- "Top Tips for Line-Drying Clothes the Right Way" - Farmers' Almanac
- Switch to an electric vehicle. Find out more about your options on our Community Resources page.
- Switch to electric power tools and yard equipment. Find available options on our Community Resources page.
- Add a raingarden and rain barrel to your yard
- Rain Gardens: A Guide for Homeowners and Landscapers (PDF) - Wisconsin Department of Natural Resources
- "How to Buy, Install, and Use a Rain Barrel" - Lowe's
- Switch your yard from lawn to groundcover/native plants that don't require mowing
- Groundcover and native plantings in place of lawn are simple changes in your yard that can have an immense effect on your home and community. Native plants promote and support biodiversity, reduce air pollution, and are also fantastic for improving water infiltration - crucial for flood mitigation.
- Pollinator-Friendly Native Groundcovers - Wisconsin Pollinators
- Wisconsin Native Plants (PDF) - Natural Heritage Conservation Program and Wisconsin Department of Natural Resources
- "More energy saving tips" - Architectural Digest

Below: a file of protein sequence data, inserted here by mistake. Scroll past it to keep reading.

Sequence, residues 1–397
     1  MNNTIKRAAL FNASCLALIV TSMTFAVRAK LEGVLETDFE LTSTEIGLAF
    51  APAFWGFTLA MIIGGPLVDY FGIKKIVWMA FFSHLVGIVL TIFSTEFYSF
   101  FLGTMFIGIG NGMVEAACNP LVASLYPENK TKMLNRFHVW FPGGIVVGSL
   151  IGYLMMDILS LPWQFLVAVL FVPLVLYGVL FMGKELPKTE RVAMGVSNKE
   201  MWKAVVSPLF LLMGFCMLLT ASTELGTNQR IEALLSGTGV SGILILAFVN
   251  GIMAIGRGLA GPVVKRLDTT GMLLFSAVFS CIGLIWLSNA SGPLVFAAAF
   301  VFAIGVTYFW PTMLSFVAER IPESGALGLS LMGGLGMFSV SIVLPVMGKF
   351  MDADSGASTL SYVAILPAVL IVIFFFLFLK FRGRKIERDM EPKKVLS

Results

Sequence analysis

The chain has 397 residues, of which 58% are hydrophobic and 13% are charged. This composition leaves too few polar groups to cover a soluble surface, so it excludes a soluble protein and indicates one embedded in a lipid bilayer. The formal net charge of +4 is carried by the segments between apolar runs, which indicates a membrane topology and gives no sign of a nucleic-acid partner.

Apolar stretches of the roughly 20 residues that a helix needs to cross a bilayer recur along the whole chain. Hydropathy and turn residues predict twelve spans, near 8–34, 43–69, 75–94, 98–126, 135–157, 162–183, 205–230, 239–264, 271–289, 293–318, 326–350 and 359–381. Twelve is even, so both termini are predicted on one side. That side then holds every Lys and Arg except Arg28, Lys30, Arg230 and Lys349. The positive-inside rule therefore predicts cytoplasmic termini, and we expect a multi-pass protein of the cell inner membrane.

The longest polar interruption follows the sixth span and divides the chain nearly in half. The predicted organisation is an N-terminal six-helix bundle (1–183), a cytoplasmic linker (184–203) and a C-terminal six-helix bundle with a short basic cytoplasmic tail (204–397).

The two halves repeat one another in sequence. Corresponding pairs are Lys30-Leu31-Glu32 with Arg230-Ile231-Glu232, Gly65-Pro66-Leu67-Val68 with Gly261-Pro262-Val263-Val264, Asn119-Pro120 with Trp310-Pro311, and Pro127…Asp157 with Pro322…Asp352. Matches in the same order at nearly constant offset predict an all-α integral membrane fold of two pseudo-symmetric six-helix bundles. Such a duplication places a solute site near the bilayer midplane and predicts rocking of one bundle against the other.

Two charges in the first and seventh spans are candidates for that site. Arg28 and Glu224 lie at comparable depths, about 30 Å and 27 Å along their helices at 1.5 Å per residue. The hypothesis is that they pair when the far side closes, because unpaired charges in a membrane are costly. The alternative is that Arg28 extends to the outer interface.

- "101 Ways to Live Sustainability" - Curbed
Explore these organizations working towards climate justice and sustainability and see how you can get involved.
"The Sunrise Movement is a youth movement to stop climate change and create millions of good jobs in the process. We’re building an army of young people to make climate change an urgent priority across America, end the corrupting influence of fossil fuel executives on our politics, and elect leaders who stand up for the health and wellbeing of all people." Learn more about how you can take action.
"Sustain Dane’s vision is a thriving and inclusive community with a sustainable environment and economy we are proud to pass on to future generations. Our mission is to inspire, connect, and support people to accelerate equity and sustainable actions for community wellbeing." Learn more about their programming and workshops.
Dane Buy Local
The mission of Dane Buy Local is "a sustainable, resilient, and fair local economy in vibrant communities that residents are proud to call home and a public that recognizes the cost of “big box” cheap vs. purchasing from locally-owned, independent businesses. We believe that national prosperity and a better quality of life, for all, begins at the local level." Explore their website to learn more about their vision and how to contribute.
How can you best contribute to fighting the effects of climate change and encouraging sustainability? Try this exercise to find your fit. Draw the Venn diagram and fill out the three circles to think more critically about the intersection: what you should do. In finding what you should do, make sure you continually talk about your actions with others to encourage wider involvement and community organizing.
Explore the interactive tools below to further your understanding of sustainability and your ability to work towards a healthier planet and community. Click on each image to get started.